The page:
Concerned by the recent and fast rise of surrogacy in Nigeria, law specialist Adebanke Adewumi, in her essay “An Appraisal of socio-legal issues in surrogacy as a method of assisted reproductive technology”, addresses on a broader spectrum the legal and ethical issues of surrogacy as a method of assisted reproductive technology and examines the relevant domestic and international legislations, instruments and cases. She points that one should never forget that “Although pregnancy is a natural process, it process usually induces some risks. The decision a woman makes to become pregnant is that she’s prepared to face the risks. Unfortunately in surrogacy the surrogate mother bears the risks without the natural benefit of motherhood, because she will eventually give the baby child to the party as agreed on.” France Winddance Twine in her book, Outsourcing the Womb, further investigates the complexity that race/class/gender, religion, legal regimes, biopolitics and global capitalism play in the gestational surrogacy market. Nevertheless, according to American ethnographer Elly Teman, it is possible to see surrogacy as “dyadic body project” that can be “collaborative, dual forms of identity-work”. In Birthing a Mother: The Surrogate Body and the Pregnant Self she reveals that as surrogates psychologically and emotionally disengage from the fetus they carry, they develop a profound and lasting bond with the intended mother. Taking on the queer feminist view, Sophie Lewis in her recently published Full Surrogacy Now (Verso, 2020) unabashedly calls for family abolition, “queer polymaternalism” and “gestational communes” in order to arrive at a speculative future in which we achieve the “plural womb and a world beyond propertarian kinship and work alienation”. She asks to “bring about the conditions of possibility for open-source, fully collaborative gestation”, because “[i]t is the political struggle for access and control—the commoning or communization of reprotech—that matters most.”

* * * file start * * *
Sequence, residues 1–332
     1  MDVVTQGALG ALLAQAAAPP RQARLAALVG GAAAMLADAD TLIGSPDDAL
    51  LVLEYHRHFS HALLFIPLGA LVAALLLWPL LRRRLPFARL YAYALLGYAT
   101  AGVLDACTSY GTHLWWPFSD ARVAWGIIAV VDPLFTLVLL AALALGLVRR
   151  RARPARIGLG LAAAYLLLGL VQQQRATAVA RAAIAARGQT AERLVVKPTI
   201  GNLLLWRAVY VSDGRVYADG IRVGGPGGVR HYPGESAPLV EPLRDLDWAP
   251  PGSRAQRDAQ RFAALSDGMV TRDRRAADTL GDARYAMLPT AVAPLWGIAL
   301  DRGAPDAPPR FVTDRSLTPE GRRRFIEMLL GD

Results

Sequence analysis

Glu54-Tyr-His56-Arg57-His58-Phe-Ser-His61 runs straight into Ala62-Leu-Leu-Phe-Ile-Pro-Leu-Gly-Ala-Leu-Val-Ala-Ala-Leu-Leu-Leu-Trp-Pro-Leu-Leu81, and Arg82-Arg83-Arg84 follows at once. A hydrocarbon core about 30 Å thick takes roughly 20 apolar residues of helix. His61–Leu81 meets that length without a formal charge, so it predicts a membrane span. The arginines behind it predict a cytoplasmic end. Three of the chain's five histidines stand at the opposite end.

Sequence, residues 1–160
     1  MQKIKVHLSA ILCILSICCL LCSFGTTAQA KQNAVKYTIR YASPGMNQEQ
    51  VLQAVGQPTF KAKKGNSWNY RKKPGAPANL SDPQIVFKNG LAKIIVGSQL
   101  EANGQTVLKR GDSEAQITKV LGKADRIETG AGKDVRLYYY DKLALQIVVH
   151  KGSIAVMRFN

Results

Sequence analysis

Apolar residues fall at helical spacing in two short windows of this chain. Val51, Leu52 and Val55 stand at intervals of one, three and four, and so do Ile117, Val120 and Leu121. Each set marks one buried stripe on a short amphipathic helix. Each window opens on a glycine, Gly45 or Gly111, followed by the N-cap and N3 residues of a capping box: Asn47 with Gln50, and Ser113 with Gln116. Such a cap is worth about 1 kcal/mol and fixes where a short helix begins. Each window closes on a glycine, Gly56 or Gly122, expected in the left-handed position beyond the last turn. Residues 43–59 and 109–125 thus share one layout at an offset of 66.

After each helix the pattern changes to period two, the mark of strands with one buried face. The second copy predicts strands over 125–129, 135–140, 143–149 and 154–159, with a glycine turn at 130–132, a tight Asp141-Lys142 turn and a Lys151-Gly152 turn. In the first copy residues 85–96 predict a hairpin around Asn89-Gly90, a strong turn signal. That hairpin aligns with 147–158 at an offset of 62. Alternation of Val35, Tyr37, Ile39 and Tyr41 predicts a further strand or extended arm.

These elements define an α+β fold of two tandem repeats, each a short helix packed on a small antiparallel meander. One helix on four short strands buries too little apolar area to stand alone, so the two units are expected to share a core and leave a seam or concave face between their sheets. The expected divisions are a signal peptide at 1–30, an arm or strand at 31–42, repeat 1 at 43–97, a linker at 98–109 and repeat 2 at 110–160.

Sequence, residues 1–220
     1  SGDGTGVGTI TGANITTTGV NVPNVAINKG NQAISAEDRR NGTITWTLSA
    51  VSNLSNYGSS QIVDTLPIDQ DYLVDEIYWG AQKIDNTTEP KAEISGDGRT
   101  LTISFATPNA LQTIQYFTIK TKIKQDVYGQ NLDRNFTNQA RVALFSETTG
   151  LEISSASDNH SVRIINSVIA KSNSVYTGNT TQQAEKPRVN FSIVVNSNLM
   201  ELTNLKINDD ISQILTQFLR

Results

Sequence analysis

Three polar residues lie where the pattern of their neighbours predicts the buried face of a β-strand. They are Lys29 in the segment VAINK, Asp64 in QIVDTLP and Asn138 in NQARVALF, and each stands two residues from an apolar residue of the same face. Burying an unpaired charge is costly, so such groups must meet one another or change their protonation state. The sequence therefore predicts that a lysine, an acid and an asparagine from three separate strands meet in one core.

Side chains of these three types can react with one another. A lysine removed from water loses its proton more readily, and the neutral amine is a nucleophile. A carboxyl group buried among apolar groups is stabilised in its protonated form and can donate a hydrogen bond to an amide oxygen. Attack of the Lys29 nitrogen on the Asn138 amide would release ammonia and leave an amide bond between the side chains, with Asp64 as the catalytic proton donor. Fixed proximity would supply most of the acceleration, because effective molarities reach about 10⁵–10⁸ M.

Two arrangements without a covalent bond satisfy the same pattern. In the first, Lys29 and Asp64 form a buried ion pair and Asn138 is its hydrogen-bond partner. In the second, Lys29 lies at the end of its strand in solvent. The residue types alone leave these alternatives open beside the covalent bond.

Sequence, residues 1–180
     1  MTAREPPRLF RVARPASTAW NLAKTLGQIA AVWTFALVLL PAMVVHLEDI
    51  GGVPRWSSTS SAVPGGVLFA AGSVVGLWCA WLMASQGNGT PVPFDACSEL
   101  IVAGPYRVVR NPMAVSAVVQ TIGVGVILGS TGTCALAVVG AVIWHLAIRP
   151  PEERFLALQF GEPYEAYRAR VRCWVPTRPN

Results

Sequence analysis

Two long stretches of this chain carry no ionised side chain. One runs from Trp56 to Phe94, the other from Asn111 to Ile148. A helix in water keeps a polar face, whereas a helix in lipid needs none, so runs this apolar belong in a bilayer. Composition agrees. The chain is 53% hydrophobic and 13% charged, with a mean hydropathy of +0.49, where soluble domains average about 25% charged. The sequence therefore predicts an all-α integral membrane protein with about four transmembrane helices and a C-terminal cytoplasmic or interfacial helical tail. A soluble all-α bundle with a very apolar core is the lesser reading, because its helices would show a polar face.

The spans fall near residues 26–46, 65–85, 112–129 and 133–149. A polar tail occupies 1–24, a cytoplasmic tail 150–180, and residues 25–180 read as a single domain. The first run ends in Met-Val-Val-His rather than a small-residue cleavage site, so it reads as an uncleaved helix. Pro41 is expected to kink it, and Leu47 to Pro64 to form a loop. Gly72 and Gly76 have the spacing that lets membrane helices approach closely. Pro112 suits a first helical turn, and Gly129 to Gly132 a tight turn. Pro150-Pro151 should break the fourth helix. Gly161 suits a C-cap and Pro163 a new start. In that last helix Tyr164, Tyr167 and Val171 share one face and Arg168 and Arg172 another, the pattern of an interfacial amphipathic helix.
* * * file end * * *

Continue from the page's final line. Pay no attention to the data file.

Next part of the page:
Relevant Literature

Thapar-Björkert, S., Majumdar, A., & Gondouin, J. 2023. “There are two sides to everything”: Re (locating) vulnerability in the surrogacy industry in India. Feminism & Psychology, 0(0).

Konig, Anika and Anindita Majumdar. 2022. Paperwork: Following the trail of (identity) papers in transnational commercial surrogacy. International Journal of Comparative Sociology, 63 (5-6): 247-264.